by H. P. Lovecraft
Written 1920 Published September 1925 in
, Vol. 6, No. 3, p. 329-36, 429-31.
Manuscript Found On The Coast Of Yucatan
On August20, 1917, I, Karl Heinrich, Graf von Altberg-Ehrenstein, Lieutenant-Commander in the Imperial German Navy and in charge of the submarine U-29, deposit this bottle and record in the Atlantic Ocean at a point to me unknown but probably about N. Latitude 20 degrees, W. Longitude 35 degrees, where my ship lies disabled on the ocean floor. I do so because of my desire to set certain unusual facts before the public; a thing I shall not in all probability survive to accomplish in person, since the circumstances surrounding me are as menacing as they are extraordinary, and involve not only the hopeless crippling of the U-29, but the impairment of my iron German will in a manner most disastrous. On the afternoon of June 18, as reported by wireless to the U-61, bound for Kiel, we torpedoed the British freighter
, New York to Liverpool, in N. Latitude 45 degrees 16 minutes, W. Longitude 28 degrees 34 minutes; permitting the crew to leave in boats in order to obtain a good cinema view for the admiralty records. The ship sank quite picturesquely, bow first, the stem rising high out of the water whilst the hull shot down perpendicularly to the bottom of the sea. Our camera missed nothing, and I regret that so fine a reel of film should never reach Berlin. After that we sank the lifeboats with our guns and submerged. When we rose to the surface about sunset, a seaman's body was found on the deck, hands gripping the railing in curious fashion. The poor fellow was young, rather dark, and very handsome; probably an Italian or Greek, and undoubtedly of the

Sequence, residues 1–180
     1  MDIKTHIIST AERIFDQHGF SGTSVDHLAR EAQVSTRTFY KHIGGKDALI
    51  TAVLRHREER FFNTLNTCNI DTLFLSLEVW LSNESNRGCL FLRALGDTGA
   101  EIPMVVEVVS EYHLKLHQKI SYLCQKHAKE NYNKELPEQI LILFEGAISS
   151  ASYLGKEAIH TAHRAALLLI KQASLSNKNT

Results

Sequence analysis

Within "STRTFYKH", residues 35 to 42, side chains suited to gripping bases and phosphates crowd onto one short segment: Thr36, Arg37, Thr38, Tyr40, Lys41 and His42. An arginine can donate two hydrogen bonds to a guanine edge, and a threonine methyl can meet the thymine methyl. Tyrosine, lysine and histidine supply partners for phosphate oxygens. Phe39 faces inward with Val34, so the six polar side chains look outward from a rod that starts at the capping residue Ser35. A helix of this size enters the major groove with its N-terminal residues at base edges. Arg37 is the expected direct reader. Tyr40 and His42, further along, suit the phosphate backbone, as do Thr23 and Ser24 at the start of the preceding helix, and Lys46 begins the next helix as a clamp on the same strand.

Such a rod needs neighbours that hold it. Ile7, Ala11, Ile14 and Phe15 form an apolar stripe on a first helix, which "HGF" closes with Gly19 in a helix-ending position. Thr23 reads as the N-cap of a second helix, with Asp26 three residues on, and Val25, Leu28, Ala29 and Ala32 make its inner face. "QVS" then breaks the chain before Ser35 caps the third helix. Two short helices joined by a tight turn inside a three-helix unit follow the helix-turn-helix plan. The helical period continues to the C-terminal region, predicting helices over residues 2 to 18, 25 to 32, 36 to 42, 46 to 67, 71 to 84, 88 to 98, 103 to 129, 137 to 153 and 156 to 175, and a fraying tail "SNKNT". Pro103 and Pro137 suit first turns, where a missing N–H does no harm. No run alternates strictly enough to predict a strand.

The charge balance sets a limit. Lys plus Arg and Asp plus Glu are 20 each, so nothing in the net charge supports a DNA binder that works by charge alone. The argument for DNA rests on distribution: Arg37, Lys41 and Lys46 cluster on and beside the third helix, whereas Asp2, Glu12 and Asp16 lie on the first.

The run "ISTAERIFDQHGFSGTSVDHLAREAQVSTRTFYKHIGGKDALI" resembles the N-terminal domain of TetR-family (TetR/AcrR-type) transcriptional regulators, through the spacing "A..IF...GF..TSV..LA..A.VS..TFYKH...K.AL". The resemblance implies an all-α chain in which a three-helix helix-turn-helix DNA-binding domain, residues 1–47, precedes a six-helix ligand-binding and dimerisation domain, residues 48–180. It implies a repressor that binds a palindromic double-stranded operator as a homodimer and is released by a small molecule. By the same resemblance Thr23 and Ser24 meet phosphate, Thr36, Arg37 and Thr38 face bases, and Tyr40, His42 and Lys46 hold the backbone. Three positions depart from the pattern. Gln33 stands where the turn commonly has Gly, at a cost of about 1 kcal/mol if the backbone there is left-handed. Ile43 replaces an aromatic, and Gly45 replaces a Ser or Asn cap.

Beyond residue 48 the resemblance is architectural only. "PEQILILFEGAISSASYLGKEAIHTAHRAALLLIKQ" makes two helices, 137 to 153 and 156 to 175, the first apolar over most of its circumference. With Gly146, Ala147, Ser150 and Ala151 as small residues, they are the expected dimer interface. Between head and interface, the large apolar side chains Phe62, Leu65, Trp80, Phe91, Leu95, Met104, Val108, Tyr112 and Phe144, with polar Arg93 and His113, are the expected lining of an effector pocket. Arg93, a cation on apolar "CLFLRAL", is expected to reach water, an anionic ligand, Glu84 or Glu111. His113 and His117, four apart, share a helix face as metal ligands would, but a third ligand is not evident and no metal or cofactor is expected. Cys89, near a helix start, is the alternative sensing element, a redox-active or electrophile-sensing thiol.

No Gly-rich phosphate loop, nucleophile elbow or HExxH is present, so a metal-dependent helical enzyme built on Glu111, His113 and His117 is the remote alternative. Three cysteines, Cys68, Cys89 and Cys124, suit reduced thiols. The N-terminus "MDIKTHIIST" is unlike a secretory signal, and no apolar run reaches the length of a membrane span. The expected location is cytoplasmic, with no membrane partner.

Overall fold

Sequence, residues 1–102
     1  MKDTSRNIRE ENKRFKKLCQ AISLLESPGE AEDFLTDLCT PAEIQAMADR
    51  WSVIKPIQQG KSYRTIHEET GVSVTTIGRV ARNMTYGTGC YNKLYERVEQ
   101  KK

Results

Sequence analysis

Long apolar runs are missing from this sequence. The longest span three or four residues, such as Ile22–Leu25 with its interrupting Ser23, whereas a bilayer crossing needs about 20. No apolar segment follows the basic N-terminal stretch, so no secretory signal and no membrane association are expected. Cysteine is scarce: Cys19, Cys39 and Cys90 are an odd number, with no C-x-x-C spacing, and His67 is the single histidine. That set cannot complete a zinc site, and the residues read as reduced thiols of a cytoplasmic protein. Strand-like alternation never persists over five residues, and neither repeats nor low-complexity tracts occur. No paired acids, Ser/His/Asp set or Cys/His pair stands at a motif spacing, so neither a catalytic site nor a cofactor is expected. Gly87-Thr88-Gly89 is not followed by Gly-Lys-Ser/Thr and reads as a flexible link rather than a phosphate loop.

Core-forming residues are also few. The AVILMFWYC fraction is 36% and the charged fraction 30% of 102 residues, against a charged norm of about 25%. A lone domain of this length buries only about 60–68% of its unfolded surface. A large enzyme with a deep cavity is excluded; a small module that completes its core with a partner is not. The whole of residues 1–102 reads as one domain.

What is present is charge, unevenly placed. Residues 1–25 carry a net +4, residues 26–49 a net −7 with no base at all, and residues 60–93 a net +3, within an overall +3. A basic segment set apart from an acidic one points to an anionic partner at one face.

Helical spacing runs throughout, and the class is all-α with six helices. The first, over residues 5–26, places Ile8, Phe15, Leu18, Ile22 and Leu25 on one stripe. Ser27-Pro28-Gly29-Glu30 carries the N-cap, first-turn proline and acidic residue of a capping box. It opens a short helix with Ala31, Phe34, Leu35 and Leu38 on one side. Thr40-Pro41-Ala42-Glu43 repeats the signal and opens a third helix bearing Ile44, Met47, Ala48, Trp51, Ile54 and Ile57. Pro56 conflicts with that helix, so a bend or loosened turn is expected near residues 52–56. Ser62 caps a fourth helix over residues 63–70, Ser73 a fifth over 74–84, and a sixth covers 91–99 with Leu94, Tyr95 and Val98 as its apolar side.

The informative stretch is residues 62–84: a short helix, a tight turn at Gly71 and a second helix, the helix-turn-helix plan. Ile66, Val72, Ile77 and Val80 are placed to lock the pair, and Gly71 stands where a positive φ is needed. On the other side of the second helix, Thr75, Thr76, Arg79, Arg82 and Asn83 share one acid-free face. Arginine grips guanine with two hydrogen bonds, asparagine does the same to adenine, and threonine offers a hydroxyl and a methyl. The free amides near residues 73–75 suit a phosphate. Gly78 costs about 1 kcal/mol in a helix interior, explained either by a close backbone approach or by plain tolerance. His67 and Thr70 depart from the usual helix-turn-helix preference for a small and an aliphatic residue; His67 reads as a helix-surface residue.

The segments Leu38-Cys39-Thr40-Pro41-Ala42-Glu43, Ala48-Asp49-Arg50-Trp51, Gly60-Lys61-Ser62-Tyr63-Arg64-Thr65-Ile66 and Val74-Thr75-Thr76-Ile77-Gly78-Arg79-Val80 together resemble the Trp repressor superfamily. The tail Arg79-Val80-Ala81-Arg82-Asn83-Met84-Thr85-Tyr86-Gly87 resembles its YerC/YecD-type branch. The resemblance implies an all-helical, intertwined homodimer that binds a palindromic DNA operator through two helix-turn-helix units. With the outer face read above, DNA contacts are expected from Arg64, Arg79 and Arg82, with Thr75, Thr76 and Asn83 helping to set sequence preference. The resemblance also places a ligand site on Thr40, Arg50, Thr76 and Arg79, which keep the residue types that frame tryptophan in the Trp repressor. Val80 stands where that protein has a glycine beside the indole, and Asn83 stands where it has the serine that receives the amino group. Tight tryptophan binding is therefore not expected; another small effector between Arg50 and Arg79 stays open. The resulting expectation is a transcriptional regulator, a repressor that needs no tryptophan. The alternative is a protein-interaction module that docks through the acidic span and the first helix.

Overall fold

's crew. He had evidently sought refuge on the very ship which had been forced to destroy his own - one more victim of the unjust war of aggression which the English pig-dogs are waging upon the Fatherland. Our men searched him for souvenirs, and found in his coat pocket a very odd bit of ivory carved to represent a youth's head crowned with laurel. My fellow-officer, Lieutenant Kienze, believed that the thing was of great age and artistic value, so took it from the men for himself. How it had ever come into the possession of a common sailor neither he nor I could imagine. As the dead man was thrown overboard there occurred two incidents which created much disturbance amongst the crew. The fellow's eyes had been closed; but in the dragging of his body to the rail they were jarred open, and many seemed to entertain a queer delusion that they gazed steadily and mockingly at Schmidt and Zimmer, who were bent over the corpse. The Boatswain Muller, an elderly man who would have known better had he not been a superstitious Alsatian swine, became so excited by this impression that he watched